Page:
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Monday, August 5 • 10:30am - 11:45am
610 - Neurodiversity in Archives [Working Group]

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Neurodiversity has been a neglected topic in both archival scholarship and archival practice. The American Archivist, Archivaria, and the Journal of Contemporary Archival Studies have yet to publish an article on neurodiversity, and have published only a handful of articles on specific neurodivergent conditions. The SAA conference programs since 2016 have not included any of the following words: neurodiversity, neurodiverse, autism, autistic, dyslexia, and dyslexic.  Moreover, terms associated with neurodiversity rarely appear in finding aids, and few archives have made intentional efforts to collect materials associated with neurodiversity.  More importantly, although many of us have archivist friends that are neurodivergent, few archivists have felt safe to publicly disclose and self-advocate in professional settings.
For these reasons, the organizers of this working group believe that the archives profession will strongly benefit from an intentional effort to discuss, and then publish articles and white papers on neurodiversity in archives. The facilitators will begin by providing overviews of the Disability Rights and Neurodiversity movements.

Afterward, we will introduce the following three topics:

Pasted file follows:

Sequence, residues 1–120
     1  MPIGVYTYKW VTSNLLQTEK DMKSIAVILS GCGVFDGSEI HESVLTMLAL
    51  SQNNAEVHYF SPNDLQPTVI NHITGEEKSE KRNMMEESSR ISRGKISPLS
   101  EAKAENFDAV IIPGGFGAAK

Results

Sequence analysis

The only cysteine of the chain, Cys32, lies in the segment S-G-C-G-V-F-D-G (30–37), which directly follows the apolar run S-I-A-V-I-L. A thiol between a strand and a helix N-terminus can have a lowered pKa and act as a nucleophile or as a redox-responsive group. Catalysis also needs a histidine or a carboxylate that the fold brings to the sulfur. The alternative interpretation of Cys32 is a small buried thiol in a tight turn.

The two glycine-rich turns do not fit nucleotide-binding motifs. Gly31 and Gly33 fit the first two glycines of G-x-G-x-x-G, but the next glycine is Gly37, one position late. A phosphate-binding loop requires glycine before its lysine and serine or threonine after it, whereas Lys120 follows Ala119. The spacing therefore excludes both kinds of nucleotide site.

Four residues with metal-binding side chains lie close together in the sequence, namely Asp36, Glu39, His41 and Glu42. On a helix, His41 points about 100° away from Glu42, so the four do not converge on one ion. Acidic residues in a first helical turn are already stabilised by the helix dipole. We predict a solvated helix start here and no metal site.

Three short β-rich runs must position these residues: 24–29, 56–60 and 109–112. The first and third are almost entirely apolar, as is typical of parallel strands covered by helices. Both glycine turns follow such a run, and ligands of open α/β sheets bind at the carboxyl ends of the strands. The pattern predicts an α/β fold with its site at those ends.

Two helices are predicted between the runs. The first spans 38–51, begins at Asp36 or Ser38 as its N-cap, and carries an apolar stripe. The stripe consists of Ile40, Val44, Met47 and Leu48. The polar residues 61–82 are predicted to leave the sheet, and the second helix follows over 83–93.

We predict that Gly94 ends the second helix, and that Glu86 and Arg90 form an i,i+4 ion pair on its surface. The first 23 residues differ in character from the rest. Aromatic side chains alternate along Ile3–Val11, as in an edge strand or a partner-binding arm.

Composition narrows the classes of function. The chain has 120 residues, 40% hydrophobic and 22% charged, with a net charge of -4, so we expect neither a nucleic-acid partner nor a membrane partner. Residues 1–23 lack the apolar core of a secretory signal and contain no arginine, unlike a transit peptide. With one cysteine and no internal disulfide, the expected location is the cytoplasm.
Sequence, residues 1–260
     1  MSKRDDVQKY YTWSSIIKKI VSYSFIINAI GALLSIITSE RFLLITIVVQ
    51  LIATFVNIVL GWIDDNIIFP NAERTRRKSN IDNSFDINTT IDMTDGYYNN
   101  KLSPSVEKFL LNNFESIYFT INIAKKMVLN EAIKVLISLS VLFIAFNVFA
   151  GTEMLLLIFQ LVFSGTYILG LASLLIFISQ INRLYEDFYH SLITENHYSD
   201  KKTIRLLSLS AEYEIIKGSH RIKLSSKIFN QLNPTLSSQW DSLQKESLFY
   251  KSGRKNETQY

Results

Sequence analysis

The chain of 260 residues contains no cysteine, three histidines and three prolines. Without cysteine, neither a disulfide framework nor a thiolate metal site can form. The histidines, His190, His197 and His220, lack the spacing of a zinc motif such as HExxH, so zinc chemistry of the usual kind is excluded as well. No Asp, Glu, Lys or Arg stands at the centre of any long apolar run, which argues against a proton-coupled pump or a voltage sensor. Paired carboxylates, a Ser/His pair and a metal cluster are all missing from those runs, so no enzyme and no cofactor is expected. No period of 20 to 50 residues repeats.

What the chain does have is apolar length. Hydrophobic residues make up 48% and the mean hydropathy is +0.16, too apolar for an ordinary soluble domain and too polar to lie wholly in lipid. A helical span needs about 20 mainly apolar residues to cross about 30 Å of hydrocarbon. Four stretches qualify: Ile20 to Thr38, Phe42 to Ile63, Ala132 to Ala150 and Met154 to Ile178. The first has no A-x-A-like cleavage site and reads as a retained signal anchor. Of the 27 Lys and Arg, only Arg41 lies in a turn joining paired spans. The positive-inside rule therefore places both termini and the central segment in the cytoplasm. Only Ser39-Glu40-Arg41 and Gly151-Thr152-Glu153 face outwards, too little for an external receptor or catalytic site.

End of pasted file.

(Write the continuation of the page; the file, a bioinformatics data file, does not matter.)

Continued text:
• Hiring, training, and retaining neurodivergent employees in archives
  • Producing a safer, more welcoming environment in archives for neurodivergent employees and researchers
  • Encouraging archives to collect materials related to the history of the neurodiversity movement and experience of neurodivergent populations.

We will then solicit additional issues for discussion. The session will conclude by assigning participants into groups to work on a specific topic. The goal is for each group to produce documentation to help make archives friendlier to neurodivergent populations.

This working group is dedicated to making archives and the archival profession more welcoming for neurodivergent people.

Our goals are fourfold:
  • To increase awareness about neurodiversity in the profession through this event and subsequent publication of theoretical and practical resources  
  • To influence and inform archival education and workplace practices so that more neurodivergent people can enter and thrive in the profession 
  • To increase the number of resources about neurodiversity, neurodivergent conditions, and disability in general in archives
  • To spark research about neurodiversity both inside and beyond the archival profession

Chair/Co-Facilitator: Eric Hung
Co-Facilitator: Lydia Tang
Note-Taker: Chris Tanguay

avatar for Eric Hung

Eric Hung

Executive Director, Music of Asian America Research Center
Executive Director for the Music of Asian America Research Center and previously a Professor of Music History at Rider University. He received a Ph.D. in Musicology from Stanford and an MLIS in Archives & Digital Curation from University of Maryland.
avatar for Lydia Tang

Lydia Tang

Dr. Lydia Tang, Special Collections Archivist-Librarian, Michigan State University. She served on SAA?s Task Force to Revise Best Practices for Accessibility in Archives and spearheaded founding SAA?s Accessibility & Disability Section.
avatar for Chris Tanguay

Chris Tanguay

Collections Associate, MIT Department of Distinctive Collections

Monday August 5, 2019 10:30am - 11:45am CDT
301/302, [Level 3]